Aug 26, 2019

Steve Bullock tells CNN town hall: We can be carbon neutral by 2040

Steve Bullock. Photo: Justin Sullivan/Getty Images

Democratic presidential candidate and Montana Gov. Steve Bullock told a CNN town hall in New York Sunday that it's possible to reach net zero carbon emissions by 2040 "or even earlier."

Details: That's much faster than UN goals for world leaders to commit to net zero emissions by 2050. Bullock pledged at the town hall to start tackling the climate crisis by rejoining the Paris Climate Agreement, which President Trump announced in 2017 he would withdraw the U.S from.

The big picture: Democratic presidential candidates will take part in a CNN climate change town hall in September. However, Bullock has yet to qualify for the event.

  • Bullock's environmental record as Montana's governor includes adopting the "Blueprint for Montana’s Energy Future" in 2016 with the goal of pushing the state toward more renewable energy, creating new jobs and providing a tax incentive for those who comply.

Go deeper: Climate change is a massive issue for Democrats in 2020

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Palantir CEO hits Silicon Valley "monoculture," may leave California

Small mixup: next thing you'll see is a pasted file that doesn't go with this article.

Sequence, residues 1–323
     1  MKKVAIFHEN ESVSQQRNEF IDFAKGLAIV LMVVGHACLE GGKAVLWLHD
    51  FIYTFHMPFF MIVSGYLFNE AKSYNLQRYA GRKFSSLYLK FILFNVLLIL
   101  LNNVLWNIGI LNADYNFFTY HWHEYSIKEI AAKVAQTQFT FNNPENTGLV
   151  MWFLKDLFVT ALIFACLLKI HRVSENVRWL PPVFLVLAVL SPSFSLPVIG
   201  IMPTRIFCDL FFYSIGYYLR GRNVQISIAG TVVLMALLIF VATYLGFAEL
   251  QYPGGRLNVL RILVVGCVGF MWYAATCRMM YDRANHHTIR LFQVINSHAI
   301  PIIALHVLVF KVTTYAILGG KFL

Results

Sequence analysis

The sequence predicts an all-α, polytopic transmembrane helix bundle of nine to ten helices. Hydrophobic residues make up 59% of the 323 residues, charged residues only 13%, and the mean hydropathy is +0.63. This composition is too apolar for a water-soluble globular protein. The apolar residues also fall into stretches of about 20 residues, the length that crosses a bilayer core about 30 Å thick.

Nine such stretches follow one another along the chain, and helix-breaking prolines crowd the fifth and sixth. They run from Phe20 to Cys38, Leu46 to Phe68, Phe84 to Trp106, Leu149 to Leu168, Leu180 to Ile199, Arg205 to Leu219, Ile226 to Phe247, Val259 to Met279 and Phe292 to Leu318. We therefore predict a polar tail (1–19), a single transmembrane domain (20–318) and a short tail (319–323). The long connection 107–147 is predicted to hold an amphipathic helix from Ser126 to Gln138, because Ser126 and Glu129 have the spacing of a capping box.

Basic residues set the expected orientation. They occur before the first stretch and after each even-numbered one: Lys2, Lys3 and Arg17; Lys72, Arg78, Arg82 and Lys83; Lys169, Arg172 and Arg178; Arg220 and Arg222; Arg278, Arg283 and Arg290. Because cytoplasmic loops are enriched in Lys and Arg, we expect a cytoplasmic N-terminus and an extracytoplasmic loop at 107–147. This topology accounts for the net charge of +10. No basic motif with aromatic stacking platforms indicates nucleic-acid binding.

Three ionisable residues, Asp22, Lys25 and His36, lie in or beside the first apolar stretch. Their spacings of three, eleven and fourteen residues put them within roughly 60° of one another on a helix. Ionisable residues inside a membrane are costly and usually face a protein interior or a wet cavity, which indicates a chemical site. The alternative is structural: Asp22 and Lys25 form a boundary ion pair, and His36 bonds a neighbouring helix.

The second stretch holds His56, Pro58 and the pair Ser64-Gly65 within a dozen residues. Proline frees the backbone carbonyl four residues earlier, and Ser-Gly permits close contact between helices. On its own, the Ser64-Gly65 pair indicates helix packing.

Palantir is "getting close" to a decision on whether to move the company out of California, CEO Alex Karp said in an interview for "Axios on HBO."

The state of play: "We haven't picked a place yet, but it's going to be closer to the East Coast than the West Coast. ... If I had to guess, I would guess something like Colorado."

A reckoning for Russia's space program

Illustration: Aïda Amer/Axios

SpaceX's first attempt at launching astronauts from American soil this week is a historic moment that will stress the decades-long relationship between the U.S. and Russia in space.

Why it matters: Since the Cold War, the U.S. and Russia have collaborated intimately in space. As the U.S. regains the ability to launch people with its own rockets, the future of Russia's already struggling civil space program — and how the U.S. will collaborate with it — is unclear.

The coronavirus is making it even harder to care for seniors

Illustration: Aïda Amer/Axios

Caring for older adults was already expensive, emotionally taxing and logistically difficult — and the coronavirus is only making it worse.

Why it matters: People older than 65 have the highest risk of dying from the virus, and outbreaks have been rampant in long-term care facilities. That is creating anxiety for seniors and their families.